As intended, hearing these personal stories stirred up a lot of emotions. I’ll be honest, there are a few testimonies that I avoid reading because I have a hard time reading them aloud without tearing up; it’s a sentiment that was shared among the PCTs as many eyes were red by the end of the reading. Still, no one wanted to talk, so April and I discussed why we work in Safezone perspective. Revealing a bit of ourselves to the group did the trick: one trainee got up to simply applaud all of his peers who had gone through the process of coming out: “I know I don’t have the guts to stick up for the gay community all the time, so I can’t even imagine the kind of courage you guys have.” “Obviously this isn’t the place or time to try and come out,” another trainee said, “but if you’re struggling with the self-hate and doubt and pain of not knowing who you are, don’t suffer any longer – talk to us, talk to me, we’re here for you. You can’t make it through these two years without us.”

This conversation went on for 15 minutes. I can’t tell you how amazing it was to witness. These people had met each other five days before and were sharing facets of themselves that were so intimate, some of their closest family and friends back home wouldn’t know what they were talking about. April and I were so proud of them. Not only were they opening up to each other, but they were beginning the process of becoming allies for each other – something they will undoubtedly need throughout their service. These PCTs are truly a phenomenal group of people.

For me, one of the most poignant comments during the session came towards the end. Looking slightly uncomfortable and visibly upset, a girl from the corner said, “I’m really glad we’re having this training so early because I’m beginning to realize that I’m going to have to go from being a bisexual atheist to a straight Christian in order to integrate here. That’s fine – but it’ll be a huge change, so I’m glad we’re talking about it now while we still have 8 weeks to go.”

Again, why the hell we never did this session for trainees before I’ll never know, but at least now we’ll never miss another group. Seeing how much the Safezone training and other diversity initiatives PC Senegal has taken up over the past year have affected the volunteer community has made me really proud to be a part of the team who’ve put these trainings together and hassled PC Admin to make sure they’re included in every training plan. After this year of hard work and success, I really think that our diversity initiates can only get better, but that’s not really up to me. It’s up to those 67 people we just trained who will be running the show sooner than they think.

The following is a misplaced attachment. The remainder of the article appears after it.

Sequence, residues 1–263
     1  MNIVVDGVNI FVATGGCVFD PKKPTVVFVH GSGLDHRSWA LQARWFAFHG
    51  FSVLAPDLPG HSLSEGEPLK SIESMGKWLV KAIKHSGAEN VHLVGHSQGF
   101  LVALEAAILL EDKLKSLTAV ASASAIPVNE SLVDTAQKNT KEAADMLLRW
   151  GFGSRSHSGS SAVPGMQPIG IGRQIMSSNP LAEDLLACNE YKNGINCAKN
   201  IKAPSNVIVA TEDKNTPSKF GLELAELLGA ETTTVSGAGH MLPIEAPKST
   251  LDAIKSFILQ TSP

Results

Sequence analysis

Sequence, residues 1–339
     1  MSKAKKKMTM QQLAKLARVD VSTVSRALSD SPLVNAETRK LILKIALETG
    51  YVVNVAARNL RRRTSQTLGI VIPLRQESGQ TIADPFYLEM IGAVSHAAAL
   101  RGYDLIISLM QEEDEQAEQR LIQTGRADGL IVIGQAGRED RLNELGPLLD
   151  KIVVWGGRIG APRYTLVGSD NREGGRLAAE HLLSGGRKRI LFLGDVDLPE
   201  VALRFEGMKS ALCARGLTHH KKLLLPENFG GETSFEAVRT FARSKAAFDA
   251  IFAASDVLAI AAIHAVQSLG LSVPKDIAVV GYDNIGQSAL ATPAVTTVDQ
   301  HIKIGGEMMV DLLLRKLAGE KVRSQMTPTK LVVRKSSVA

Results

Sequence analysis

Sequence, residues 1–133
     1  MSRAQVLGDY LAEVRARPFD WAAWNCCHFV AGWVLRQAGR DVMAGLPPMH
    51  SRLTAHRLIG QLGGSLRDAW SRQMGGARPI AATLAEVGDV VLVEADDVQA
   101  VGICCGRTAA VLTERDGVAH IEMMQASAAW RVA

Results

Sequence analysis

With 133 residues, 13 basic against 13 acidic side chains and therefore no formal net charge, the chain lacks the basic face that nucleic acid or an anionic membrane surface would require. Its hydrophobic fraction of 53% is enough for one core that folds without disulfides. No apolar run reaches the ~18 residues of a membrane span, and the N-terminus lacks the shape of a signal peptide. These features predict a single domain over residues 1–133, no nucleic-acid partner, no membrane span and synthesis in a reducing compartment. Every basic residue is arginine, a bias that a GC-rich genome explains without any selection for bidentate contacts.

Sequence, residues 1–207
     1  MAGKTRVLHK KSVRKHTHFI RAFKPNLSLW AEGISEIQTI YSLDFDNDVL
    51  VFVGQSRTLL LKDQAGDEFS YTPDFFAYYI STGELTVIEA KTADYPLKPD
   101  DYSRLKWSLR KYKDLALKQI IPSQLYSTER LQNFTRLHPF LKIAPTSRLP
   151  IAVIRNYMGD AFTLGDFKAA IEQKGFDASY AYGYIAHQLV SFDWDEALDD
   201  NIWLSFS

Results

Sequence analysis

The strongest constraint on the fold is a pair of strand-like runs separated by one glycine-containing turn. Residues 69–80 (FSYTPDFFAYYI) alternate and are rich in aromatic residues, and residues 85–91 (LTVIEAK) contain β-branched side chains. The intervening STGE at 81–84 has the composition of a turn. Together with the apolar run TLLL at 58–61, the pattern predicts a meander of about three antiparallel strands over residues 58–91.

It’s 00:56 here, which supposedly means that I should be snoozing but I’m a bit too wound up to sleep. Not wound up in the too-stressed-to-stop-my-mind-from-reeling way I was from this past November through February, but in a I’m-so-excited-about-things-that-are-awesome-that-may-or-may-not-happen wound up way. Don’t get me wrong, I 100% prefer to be kept up by thoughts of a good nature rather than the taxing ones, but the late night tossing does make me worry for tomorrow’s workday. Either way, since I’m committed to being awake (or more importantly to a late night snack) I may as well use the time to catch up with you.

I’ve decided that instead of giving all of you out there in interweb land a play-by-play of the past seven or so months as originally planned, I’m just going to highlight interesting events and projects that have busied my time since we last spoke. You’re really not that interested in what I did over home leave anyway, are you? Me neither. (Ok if you are, here it goes in bits: seafood, lots of rootbeer, lots of draft beer, my brother’s grilling, cheese, [noticing a pattern?] Boston, cigars, north end, bars, pizza, family reunion, Maine, driving, NYC, soft pretzels, DC, PC HQ office, dancing, more NYC, more cigars, comedy show, live band, Mexican food, more draft beer, 3am Chinese food, mom’s condo, awesomely bad daytime TV, shopping, rootbeer, wedding on the Cape, dancing, good whiskey, cigars, sleeping, ice cream, massive order, back to Dakar in the gut of rainy season. Got to see all of my favorite people save about five, and the whole trip reminded me how much I missed you all and what exactly I missed about being en Amerik [which was apparently surprisingly easy to forget after 2.5 years].)